Whether four or five Sundays were marked in Advent, the third marks the middle of the season and provides an occasion for relaxing some of the austerity of its provisions. Throughout Advent, we focus on our Lord’s second coming, but today we express our gladness at the imminence of that coming more joyfully. We acclaim not only the Lord who is to come, but we worship ‘the Lord who is now near at hand’. If, indeed, the Lord is near, we have every reason to be joyful, singing ‘Rejoice in the Lord always’.

Joy runs as a common thread through this morning’s readings. Isaiah rejoiced in the Lord and exulted in God; he delighted in the response of the oppressed, the captive and the bereaved to whom he was bringing the good news. He knew that righteousness and praise would spring up over all the earth, because the full nature and glory of God were being revealed. Even in the midst of sadness (of oppression, poverty, sickness and bereavement), joy can be present. For the revelation of God’s glory in the incarnate Christ reveals to each of us the knowledge – the profound certainty – that we are unconditionally loved exactly as we are for being the people who we are. Nothing in all creation can separate us from that love in Christ. Today’s Epistle – which we did not hear – from St Paul’s first letter to the Thessalonians conveys this same joy, for it, too, begins with the word ‘Rejoice’. To Paul, joy is the gift of the unquenchable Spirit, which connects Christians to the life of God offered in Christ Jesus; it is the basis of our faithfulness to God. To fulfil God’s law, we therefore need to rejoice at what he has done and be thankful. Yet in our Gospel, the words of St. John Baptist warned us that the Lamb of God is even now in our midst, although we appear to know Him not.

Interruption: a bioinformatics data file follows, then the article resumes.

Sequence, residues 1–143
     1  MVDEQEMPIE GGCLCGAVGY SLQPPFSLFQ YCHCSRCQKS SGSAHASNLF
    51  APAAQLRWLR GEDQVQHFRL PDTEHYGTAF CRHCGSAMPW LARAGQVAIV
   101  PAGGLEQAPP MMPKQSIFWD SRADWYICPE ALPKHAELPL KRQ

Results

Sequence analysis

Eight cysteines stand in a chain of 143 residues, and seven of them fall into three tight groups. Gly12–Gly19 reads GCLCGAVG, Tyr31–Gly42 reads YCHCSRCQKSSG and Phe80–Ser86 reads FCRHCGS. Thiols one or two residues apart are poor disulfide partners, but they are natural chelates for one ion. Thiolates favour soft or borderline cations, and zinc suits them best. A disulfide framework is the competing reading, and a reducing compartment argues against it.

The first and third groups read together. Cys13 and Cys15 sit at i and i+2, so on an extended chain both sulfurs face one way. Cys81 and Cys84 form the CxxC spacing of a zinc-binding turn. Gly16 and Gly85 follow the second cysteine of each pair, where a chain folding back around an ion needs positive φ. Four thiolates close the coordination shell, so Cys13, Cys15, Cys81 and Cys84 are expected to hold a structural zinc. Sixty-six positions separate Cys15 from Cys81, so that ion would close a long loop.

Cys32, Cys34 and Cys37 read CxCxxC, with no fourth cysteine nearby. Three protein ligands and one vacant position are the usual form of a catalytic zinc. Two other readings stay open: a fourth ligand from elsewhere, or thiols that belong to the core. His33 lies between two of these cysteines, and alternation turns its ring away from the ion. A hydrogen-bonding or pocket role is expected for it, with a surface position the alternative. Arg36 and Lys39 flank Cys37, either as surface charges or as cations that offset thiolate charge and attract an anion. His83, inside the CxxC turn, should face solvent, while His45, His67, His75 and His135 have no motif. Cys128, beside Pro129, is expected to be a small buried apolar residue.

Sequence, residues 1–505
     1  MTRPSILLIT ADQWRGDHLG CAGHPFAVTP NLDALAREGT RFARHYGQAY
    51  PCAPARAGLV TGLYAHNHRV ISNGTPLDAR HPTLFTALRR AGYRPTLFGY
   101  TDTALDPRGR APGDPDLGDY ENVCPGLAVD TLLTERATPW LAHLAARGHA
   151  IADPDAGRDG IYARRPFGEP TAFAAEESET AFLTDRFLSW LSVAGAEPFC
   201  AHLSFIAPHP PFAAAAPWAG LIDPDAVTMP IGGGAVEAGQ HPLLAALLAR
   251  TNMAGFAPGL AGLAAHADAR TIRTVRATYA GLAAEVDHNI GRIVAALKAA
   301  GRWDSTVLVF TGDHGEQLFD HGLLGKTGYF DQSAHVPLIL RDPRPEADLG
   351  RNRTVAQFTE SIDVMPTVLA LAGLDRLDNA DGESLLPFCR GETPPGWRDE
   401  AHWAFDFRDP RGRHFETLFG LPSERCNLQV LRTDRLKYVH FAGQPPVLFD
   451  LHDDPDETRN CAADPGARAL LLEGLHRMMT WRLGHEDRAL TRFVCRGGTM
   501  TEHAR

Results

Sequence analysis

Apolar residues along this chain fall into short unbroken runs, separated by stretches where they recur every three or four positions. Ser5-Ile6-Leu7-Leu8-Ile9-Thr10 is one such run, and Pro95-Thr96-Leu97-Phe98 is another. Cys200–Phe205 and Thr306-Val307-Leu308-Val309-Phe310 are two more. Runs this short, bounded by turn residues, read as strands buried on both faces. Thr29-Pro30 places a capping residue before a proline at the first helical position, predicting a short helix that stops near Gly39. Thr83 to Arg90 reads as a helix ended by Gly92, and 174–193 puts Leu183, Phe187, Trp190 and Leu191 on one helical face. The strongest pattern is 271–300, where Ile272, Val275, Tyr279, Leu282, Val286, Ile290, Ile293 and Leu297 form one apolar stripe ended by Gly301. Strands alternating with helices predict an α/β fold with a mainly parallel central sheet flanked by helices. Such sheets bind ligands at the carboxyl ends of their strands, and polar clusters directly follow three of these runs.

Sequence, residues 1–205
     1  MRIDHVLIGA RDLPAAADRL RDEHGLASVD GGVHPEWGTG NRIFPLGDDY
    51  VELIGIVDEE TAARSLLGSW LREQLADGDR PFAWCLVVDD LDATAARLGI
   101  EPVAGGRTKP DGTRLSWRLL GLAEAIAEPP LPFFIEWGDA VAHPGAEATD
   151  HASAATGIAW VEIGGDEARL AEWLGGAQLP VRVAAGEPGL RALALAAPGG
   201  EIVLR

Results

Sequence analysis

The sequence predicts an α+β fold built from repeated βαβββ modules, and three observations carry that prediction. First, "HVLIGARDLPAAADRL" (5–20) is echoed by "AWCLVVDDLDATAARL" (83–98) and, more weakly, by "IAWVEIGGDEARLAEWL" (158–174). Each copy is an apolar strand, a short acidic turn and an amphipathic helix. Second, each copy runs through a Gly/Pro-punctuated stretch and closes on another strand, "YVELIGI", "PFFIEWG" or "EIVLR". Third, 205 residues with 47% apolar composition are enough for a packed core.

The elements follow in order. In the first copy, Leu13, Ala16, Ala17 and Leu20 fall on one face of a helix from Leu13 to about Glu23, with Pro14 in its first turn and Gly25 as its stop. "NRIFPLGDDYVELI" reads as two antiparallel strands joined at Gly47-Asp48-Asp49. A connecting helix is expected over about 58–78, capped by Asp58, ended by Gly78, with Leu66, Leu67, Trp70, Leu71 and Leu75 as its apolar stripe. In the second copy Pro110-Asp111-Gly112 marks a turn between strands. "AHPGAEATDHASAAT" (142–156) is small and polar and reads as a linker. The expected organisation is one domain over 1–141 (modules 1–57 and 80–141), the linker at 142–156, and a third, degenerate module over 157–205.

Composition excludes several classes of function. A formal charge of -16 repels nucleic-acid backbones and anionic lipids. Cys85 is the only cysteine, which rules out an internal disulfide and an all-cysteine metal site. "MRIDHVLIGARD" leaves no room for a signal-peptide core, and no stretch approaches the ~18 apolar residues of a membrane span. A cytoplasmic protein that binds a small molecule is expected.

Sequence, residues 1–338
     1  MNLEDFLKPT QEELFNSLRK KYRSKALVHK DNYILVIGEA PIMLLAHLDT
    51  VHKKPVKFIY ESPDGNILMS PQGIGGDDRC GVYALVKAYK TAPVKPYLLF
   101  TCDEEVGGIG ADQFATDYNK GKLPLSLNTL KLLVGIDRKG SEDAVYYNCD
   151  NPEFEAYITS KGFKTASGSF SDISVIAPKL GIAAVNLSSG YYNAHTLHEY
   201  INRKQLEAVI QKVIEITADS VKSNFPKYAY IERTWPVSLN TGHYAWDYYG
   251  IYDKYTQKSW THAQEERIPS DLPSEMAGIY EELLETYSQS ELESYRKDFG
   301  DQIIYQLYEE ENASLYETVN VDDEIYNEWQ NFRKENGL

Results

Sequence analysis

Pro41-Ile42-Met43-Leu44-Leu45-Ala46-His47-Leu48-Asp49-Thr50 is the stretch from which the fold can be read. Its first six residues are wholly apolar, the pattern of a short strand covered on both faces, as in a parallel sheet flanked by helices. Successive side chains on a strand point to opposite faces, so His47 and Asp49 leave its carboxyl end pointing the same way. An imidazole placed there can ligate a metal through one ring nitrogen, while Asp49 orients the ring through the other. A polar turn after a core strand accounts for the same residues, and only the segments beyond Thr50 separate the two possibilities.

We see the Baptiser here in rather different guise from last Sunday, when we encountered the wild man of the desert, wearing camel’s hair and proclaiming a baptism of repentance (Mark 1: 1-8). In both accounts, however, John quoted the same passage from Isaiah. Here the baptiser appears full of confidence. Confidence about who he is, and the nature of the task laid upon him, but also about who he is not. Not the Messiah, Elijah or the Prophet, he knows that he is the one who was foretold, the fulfilment of Isaiah’s prophecy. And he understands and accepts that his role as herald will only be brief, before he is eclipsed. It falls to him to reveal ‘the one who is coming after me’ (one to whom he knows himself to be greatly inferior). John is filled with joy in the knowledge that the one who is coming after him is already there in their midst: ‘Among you stands one whom you do not know’.

John the Baptist rejoiced to tell of the coming of Christ; he testified to the light – the word made flesh – the true light which enlightens everyone (John 1. 9). He delighted to know that he stood already in His presence. Listening to John’s teaching, we should also follow him in his joy. On this Sunday in the middle of Advent, instead of fretting about how much we still have to do before Christmas (or wishing that the days would hasten even faster to the end of this awful year), let us take the opportunity to pause and articulate our own joy and gladness in the Redemption promised in Christ Jesus: ‘Rejoice in the Lord always, again I say rejoice … for the Lord is near at hand’.

Merciful God
your word spoken by the prophets,
restores your people’s life and hope.
Fill our hearts with the joy of your saving grace,
that we may hold fast to your great goodness
And in our lives proclaim your saving power in all the world. AMEN